Tag Archives: resolved

Sunday Column: Whereas the Legislature is Doing Some Really Important Stuff…

Tennessee’s nickname has escaped the attention of the Tennessee General Assembly since thousands of citizens responded to Gov. William Blount’s call for volunteers to serve in the War of 1812.
Or so says House Joint Resolution 634, which further states:
“WHEREAS, considering that The Volunteer State has been in usage for two centuries, it is indeed surprising that the nickname has never been officially adopted by the State of Tennessee; and
“WHEREAS, it is now time to rectify this glaring oversight and make official the name Tennesseans have proudly used in reference to themselves for many generations; now, therefore,
BE IT RESOLVED that ‘The Volunteer State’ is hereby designated the official nickname of the State of Tennessee.”
In the lingo of Legislatorland, most resolutions, as with HJR634, have both “whereas clauses,” presenting facts or arguments, and at least one “resolving clause,” which declares the action being taken. HJR634 is an oddity in that it confesses to a legislative mistake, albeit one that is being corrected by the 107th General Assembly. Much more common are resolutions pointing out the errors of others.
Consider HJR614, which declares in multiple whereas clauses that the U.S. Supreme Court, back in the 1930s fouled up its interpretation of the Commerce Clause of the U.S. Constitution. Whereas, the court interpretations of the early 1800s were much better. The resolving clause declares that the U.S. Congress ought to do something about this situation “to return to a more original understanding of the Commerce Clause as represented by Supreme Court cases decided before the era of the New Deal.”
Which is to say the resolution really doesn’t accomplish anything, unless you believe Congress is paying rapt attention and can somehow overturn U.S. Supreme Court rulings. No one does, of course, so the resolution, approved 68-24 on the House floor after more than an hour of scintillating debate, may be seen as pure political posturing.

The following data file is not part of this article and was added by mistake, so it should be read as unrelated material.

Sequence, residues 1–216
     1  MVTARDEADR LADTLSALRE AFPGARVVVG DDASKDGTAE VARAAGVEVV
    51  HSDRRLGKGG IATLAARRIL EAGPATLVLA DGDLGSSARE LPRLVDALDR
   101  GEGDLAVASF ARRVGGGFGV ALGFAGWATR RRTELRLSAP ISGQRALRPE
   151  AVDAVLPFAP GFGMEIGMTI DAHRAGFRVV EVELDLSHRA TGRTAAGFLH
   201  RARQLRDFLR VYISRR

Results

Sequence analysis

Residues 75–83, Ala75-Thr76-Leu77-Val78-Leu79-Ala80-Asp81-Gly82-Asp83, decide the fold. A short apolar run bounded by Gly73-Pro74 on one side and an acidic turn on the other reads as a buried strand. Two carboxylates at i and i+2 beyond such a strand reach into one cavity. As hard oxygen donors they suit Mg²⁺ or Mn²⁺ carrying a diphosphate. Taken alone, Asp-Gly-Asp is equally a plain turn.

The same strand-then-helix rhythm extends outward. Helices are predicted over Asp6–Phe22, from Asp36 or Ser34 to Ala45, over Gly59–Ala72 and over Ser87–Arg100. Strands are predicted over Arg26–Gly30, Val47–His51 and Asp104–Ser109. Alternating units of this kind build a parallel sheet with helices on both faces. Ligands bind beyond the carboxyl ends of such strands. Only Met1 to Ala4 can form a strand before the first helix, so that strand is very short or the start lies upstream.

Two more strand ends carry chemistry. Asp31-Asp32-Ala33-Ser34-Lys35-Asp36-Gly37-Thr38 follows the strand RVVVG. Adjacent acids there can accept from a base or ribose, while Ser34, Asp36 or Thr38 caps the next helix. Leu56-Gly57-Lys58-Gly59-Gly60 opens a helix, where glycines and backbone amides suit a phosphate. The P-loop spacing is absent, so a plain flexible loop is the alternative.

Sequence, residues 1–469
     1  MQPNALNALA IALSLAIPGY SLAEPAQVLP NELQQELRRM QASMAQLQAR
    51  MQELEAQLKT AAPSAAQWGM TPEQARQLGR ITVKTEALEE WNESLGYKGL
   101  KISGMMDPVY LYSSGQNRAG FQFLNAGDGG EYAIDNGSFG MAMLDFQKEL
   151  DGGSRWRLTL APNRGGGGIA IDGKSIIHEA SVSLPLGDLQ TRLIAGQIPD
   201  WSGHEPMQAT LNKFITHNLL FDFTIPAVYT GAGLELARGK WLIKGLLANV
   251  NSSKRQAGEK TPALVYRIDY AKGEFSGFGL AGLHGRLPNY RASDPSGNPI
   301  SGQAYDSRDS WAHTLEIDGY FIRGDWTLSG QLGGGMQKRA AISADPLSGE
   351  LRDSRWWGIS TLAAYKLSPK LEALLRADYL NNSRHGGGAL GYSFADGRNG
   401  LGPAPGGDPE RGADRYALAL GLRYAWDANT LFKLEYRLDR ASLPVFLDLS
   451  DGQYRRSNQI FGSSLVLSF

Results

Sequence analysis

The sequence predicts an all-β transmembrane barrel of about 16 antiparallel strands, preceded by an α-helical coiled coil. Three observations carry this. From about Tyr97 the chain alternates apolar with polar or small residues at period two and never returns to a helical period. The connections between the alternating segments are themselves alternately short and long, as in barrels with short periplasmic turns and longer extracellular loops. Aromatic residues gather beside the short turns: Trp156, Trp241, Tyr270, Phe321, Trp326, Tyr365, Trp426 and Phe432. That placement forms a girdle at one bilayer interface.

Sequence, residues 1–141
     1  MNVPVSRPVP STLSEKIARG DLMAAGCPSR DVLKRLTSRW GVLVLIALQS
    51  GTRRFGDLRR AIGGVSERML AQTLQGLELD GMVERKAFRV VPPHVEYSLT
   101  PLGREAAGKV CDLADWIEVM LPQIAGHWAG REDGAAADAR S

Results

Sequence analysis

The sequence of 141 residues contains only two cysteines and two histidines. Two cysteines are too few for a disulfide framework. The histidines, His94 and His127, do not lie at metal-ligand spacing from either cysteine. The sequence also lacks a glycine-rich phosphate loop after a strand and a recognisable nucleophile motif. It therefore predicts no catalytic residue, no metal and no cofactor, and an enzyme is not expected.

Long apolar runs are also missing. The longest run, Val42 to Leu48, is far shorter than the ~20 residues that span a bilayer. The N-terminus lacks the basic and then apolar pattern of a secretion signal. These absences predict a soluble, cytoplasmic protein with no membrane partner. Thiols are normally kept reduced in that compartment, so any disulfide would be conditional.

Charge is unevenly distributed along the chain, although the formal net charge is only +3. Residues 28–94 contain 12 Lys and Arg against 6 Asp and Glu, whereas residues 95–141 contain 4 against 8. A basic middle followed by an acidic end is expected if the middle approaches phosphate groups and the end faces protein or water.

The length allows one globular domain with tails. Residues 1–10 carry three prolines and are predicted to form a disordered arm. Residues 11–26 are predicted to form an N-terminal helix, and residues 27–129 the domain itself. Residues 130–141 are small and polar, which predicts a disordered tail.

Not that there’s anything wrong with that. It’s a long tradition in our state with no official nickname. (HJR634 has not been passed yet on the floor, though it surely will be soon and on a bipartisan basis under the guidance of its sponsor, Rep. Ryan Haynes, R-Knoxville.)
There are other posturing resolutions awaiting debate this year, notably including HJR587, which whereases that “United Nations Agenda 21 is a comprehensive plan of extreme environmentalism, social engineering, and global political control.”
It resolves “that the federal government and state and local governments across the country be well informed of the underlying harmful implications of implementation of United Nations Agenda 21’s destructive strategies for ‘sustainable development,’ and we hereby endorse rejection of its radical policies and rejection of any grant monies attached to it.”
In the course of fiery and well-informed debate on the merits and meaning of Agenda 21, last week, Republican Rep. Rick Womick advised that a barbecue restaurant owner had been ordered by a “government run amuck” in Murfreesboro to re-paint his red building. At one point, Womick introduced a bill to directly deal with such situations when local governments run amuck in trying to follow the dictates of Agenda 21, but decided instead to support HJR587.
Thankfully, the resolution passed 72-23. So federal, state and local governments are now informed about the “dangerous intent” of Agenda 21. There’s still a red building ban in parts of Murfreesboro, of course, but, well, the broad international implications of HJR587 obviously outweigh any need to deal with actual situations in Tennessee.
This all sort of calls for a resolution. Say maybe:
“WHEREAS, members of the General Assembly have volunteered to devote their time, energy and effort to enlightenment of Congress, the international community and the citizens of this state on complex legal, moral and philosophical issues for a base salary of just $19,009 per year;
NOW, THEREFORE, BE IT RESOLVED, that the semi-volunteer legislators of this great Volunteer State are hereby commended for focusing on important issues they can do nothing about while doing nothing on issues where they could really mess things up.”